A Beautiful War

Director Gareth Edwards really does put the “War” into this Star Wars film with some raw action scenes in Rogue One. There is a little use of shaky cam, but Edwards makes sure you see and feel every shot and explosion.

There is also a sense of scale added to the Empire’s ships and vehicles, contrasting with the makeshift smallness of the Rebels. The Imperial walkers look absolutely huge in this film, towering high above the rebels. It’s a subtle visual theme that completely shapes the conflict between the two.

That said, the film is beautifully shot and is possibly the most visually accomplished Star Wars films. Edwards composes every frame meticulously, creating some absolutely gorgeous scenes.  I already examined Jedha, but we also get the dreary gloom of Eadu, a rocky and dark planet.  Yet, the true standout setting is the tropical planet of Scarif.

The scenes at Scarif are cinematic war at its most beautiful. The scenic beaches and pure blue skies are shot perfectly as the carnage unfolds in these normally peaceful settings.

A Gang of Rebels

Rogue One’s characters are the faceless, unsung heroes that the Star Wars Universe only mentioned. It’s a welcome choice to focus on non-Jedi characters struggling to fight tyranny. And while every actor is great in their role, something is always lacking.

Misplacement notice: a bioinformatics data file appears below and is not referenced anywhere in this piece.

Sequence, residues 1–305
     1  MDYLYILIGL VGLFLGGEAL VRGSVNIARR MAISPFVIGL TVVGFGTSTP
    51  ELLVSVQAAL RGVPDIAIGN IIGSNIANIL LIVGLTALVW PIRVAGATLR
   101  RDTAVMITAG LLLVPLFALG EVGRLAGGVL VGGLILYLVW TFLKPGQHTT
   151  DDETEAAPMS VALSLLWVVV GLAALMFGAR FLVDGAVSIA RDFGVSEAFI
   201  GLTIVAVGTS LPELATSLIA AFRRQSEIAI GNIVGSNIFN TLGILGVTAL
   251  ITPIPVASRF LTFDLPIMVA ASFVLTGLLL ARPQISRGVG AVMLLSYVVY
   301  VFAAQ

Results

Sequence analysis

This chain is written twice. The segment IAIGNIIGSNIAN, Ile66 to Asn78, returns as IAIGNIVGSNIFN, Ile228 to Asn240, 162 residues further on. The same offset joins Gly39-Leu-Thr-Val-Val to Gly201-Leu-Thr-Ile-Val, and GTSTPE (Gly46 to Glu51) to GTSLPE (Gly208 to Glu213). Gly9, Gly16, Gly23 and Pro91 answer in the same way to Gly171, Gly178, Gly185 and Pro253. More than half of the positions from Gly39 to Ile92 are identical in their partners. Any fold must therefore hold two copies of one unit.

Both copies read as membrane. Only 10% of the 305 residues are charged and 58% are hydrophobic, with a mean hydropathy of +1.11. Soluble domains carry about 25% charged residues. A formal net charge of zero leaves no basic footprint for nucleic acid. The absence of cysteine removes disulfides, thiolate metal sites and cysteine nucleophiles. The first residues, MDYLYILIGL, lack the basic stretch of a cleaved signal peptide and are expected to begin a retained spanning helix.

Felicity Jones’ Jyn has the more traditional story, as her rebellious young drifter finds purpose over the course of the film. Always tough, but with a human touch, Jyn is a cool heroine. Jones effortlessly

Mads Mikkelsen is excellent as Jyn’s father Galen. He and Jones play well off each other and provide some of the more emotional moments. Mikkelsen may seem like he is underplaying his role, but it feels more like a weariness from all that he has been through.

Diego Luna’s Andor is an interesting character, one that is emblematic of many of the characters introduced in the film. He has a dashing look similar to classic heroes like Han Solo, but he has a dark side (No pun intented). Andor does some questionable things and we see it weighing on him. Luna does an amazing job showing his struggle to reconcile his actions. There is a compelling mystery and danger to the character that is very appealing.